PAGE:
Nancy Drew! Oh, how your absurdities delight me. Oh, it is all too much to bear. I can’t speak about this. I will have to show you, internet. Here are the first four paragraphs of The Secret of the Old Clock:
Nancy Drew, an attractive girl of eighteen, was driving home along a country road in her new, dark-blue convertible. She had just delivered some legal papers for her father.
“It was sweet of Dad to give me this car for my birthday,” she thought. “And it’s fun to help him in his work.”
Her father, Carson Drew, a well-known lawyer in their home town of River Heights, frequently discussed puzzling aspects of cases with his blond, blue-eyed daughter.
Smiling, Nancy said to herself, “Dad depends on my intuition.”
Of course he does, Nancy Drew! You just keep saying things to yourself. We’ll tag along.
Okay, so I hadn’t read any Nancy Drew books since middle school, when my friends and I had a brief period of devouring them before we moved on to V. C. Andrews. And I definitely enjoyed these books back then — what I didn’t remember is how incredibly campy and stilted and twee they are. For example, here are the things Nancy does in this book:
- Rescues a five-year-old girl
- Becomes instantly beloved to two old ladies
- Successfully confronts her rich, spoilt, homely rivals
- Gets taken in by some strangers who become her BFFs after about four seconds
- Rescues a puppy
- Saves an old lady
- Foils her rich, spoilt, homely rivals again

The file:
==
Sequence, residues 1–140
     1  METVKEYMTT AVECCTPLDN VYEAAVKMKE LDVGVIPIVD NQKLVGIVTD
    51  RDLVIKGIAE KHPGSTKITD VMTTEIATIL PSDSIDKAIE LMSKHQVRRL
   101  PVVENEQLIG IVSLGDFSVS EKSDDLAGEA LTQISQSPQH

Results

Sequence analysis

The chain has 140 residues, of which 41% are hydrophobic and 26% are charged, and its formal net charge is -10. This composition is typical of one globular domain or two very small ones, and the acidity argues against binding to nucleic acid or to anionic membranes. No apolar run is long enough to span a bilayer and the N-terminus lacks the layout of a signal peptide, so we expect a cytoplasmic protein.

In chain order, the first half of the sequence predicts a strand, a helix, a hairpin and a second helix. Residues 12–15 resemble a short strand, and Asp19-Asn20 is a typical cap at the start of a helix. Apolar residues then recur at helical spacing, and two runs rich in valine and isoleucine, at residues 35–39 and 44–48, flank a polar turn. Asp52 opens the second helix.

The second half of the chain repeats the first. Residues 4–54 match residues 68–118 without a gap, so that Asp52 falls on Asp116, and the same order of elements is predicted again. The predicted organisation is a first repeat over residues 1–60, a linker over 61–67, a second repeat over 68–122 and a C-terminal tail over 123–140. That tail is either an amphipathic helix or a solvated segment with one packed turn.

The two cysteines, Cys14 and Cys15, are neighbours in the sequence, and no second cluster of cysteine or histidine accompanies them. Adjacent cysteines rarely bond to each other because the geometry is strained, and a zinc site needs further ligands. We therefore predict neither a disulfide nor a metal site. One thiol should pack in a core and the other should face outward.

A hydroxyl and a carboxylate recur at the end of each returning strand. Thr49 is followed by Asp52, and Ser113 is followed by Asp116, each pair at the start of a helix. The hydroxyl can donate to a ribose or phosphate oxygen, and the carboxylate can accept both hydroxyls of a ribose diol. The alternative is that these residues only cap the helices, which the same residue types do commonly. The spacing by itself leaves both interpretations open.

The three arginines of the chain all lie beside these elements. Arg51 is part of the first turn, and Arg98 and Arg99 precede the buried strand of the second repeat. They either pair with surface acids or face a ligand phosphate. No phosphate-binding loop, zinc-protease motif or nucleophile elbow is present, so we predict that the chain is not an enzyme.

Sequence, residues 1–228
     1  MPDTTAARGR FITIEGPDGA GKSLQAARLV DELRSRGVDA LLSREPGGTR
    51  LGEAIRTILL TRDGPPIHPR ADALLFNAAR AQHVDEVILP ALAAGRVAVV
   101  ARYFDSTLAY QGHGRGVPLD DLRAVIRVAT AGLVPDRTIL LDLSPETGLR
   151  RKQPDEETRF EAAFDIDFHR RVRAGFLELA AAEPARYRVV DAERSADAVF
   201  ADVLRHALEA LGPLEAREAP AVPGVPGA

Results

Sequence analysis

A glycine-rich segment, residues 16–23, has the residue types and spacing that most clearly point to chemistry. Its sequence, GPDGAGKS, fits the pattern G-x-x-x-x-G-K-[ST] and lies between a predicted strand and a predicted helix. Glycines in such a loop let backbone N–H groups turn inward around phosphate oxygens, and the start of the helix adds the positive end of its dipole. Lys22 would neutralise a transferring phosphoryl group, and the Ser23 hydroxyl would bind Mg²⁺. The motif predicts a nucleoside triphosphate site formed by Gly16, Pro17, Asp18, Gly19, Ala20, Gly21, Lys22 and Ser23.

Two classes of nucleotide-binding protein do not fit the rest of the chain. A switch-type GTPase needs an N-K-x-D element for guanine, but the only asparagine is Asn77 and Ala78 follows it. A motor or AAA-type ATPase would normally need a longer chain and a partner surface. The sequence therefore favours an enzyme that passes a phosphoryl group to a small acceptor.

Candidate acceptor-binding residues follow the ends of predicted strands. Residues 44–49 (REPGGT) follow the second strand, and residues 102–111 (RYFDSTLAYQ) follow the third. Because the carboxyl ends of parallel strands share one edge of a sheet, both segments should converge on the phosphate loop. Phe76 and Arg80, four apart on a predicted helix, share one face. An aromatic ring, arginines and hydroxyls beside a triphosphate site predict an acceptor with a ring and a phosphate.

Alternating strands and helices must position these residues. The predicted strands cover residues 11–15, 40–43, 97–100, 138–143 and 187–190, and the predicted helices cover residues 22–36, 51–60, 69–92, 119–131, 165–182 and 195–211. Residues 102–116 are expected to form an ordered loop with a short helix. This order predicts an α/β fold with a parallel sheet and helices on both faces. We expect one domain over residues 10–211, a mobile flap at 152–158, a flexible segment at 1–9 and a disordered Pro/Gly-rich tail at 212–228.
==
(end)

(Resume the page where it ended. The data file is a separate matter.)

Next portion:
- Repairs an outboard motor
- Escapes from a locked closet using only a clothing rod and her amazing screaming prowess
- Catches some thieves
- Finds the missing will
- Foils her rich, spoilt, homely rivals while successfully improving the lives of every other being with whom she’s had contact over the course of the novel
Look, she rescues a puppy, a child, and an old lady all in the same book, all while being attractively perky and slim and utterly adored. Does this strike anyone else as overkill? Anyone? It gets a bit trying after a while — Nancy Drew is so perfect. The Hardy Boys at least get knocked unconscious once a book or so. And she’s always saying things to herself, or telling herself things, or declaring to herself — not so much with the thinking, really. It intrigues me.
The Secret of the Old Clock was sort of charmingly ridiculous, but I can’t really recommend it as being something particularly well-written. Dead funny, though … just unintentionally.
“So, one o’ you ornery robbers got yourself locked up, did you?” came an indignant male voice. “That’ll teach you to try puttin’ one over on old Jeff Tucker. You won’t be doin’ any more pilferin’. I got you surrounded.”
The caretaker! Nancy heaved a sigh of fervent relief. “Let me out!” she pleaded. “I’m not one of the thieves! If you’ll only let me out of here, I’ll explain everything!”
There was silence for a moment. Then the voice on the other side of the door said dubiously, “Say you aimin’ to throw me off, imitatin’ a lady’s voice? Well, it won’t do you any good! No, sir. Old Jeff Tucker’s not gettin’ fooled again!”
Nancy decided to convince the man beyond doubt. She gave a long, loud feminine scream.
“All right, all right, ma’am. I believe you! No man could make that racket. This way out, lady!”